5, Edwin Ythier Street, Rose Hill, 71368, Mauritius


The hoodwinking cliché “UNITY IN DIVERSITY” is the beguiling comfort zone because it helps to delude most Mauritians into believing that Mauritius is the land of cross-cultural creativity when, in fact, it consolidates COMPARTMENTALISATION.

More than 50 years after independence, we are happy to believe that we are a RAINBOW NATION (another cliché), where united multiple colours signify the alliance between creation and the CREATOR. There is no need to go any further for we live on PARADISE ISLAND (yet another cliché).

The hidden truth is that we are mostly “WALL-BUILDERS”, experts at segregation which breaks down the population into groups, sub-groups and sub-sub-groups. Any attempt at building and promoting a supra-ethnic culture, the fundamental essence of a national culture and identity, is vehemently denounced by socio-cultural ignorami as a threat to ethnic integrity. Do they really know the basic values of their ancestral cultures?

We are all immigrants on a CREOLE ISLAND, as defined by Professor Megan Vaughan in her book, “Creating the Creole Island, Slavery in Eighteenth-Century Mauritius”. The present population is made up of Indo-Creoles, Afro-Creoles, Islamo-Creoles, Euro-Creoles and Sino-Creoles. The road ahead is not towards wall-building but towards our own Battle of Jericho to trigger the massive tumbling down of walls.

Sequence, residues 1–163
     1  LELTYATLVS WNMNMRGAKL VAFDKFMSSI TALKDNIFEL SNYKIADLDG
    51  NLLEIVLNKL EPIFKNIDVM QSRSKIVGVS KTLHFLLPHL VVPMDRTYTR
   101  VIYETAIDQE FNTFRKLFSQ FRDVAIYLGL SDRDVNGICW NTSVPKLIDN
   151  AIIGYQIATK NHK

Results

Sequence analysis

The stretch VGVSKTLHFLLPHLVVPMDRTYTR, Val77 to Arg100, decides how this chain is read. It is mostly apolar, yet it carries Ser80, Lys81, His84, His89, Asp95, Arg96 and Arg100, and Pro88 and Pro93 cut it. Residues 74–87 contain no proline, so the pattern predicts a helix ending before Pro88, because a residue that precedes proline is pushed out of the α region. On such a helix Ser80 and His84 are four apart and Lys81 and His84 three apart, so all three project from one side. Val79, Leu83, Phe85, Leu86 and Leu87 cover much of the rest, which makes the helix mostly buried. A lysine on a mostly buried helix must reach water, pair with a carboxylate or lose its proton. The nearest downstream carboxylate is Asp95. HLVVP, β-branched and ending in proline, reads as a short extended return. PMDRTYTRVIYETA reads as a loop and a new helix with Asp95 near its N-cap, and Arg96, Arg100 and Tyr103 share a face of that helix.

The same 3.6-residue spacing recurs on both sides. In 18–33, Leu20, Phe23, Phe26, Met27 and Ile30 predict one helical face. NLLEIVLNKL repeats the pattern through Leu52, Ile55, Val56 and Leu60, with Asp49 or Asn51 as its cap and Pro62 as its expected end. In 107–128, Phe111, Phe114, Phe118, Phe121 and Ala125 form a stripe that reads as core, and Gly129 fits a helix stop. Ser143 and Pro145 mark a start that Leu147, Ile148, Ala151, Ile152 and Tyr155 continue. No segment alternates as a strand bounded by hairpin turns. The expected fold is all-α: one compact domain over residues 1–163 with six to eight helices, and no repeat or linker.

Half a century after the 1968 formal independence, our country is now being recolonised, this time by India, the present 4th world economic power, with the blessing of the USA. Francophone Euro-Creole racism is now being fast superseded by Hindutva racism.

Is there any hope? Yes, there is. There are some open-minded Mauritians from different ethnic backgrounds who firmly believe that Mauritian and English, two creole languages, are the vital springboard to propel us into an authentic national culture and identity. Work has already started and will surely rapidly develop because it is linked to the greening of Mauritius through the massive cultivation of industrial cannabis, also known as hemp, and the replanting of mangrove forests to help us face climate change and improve sea-food production. The new culture also means efforts in food security based on home-grown staples such as manioc, maize, potato, sweet-potato and arrow root together with new food habits to fight overweight, obesity and pathologies such as diabetes and high blood pressure.




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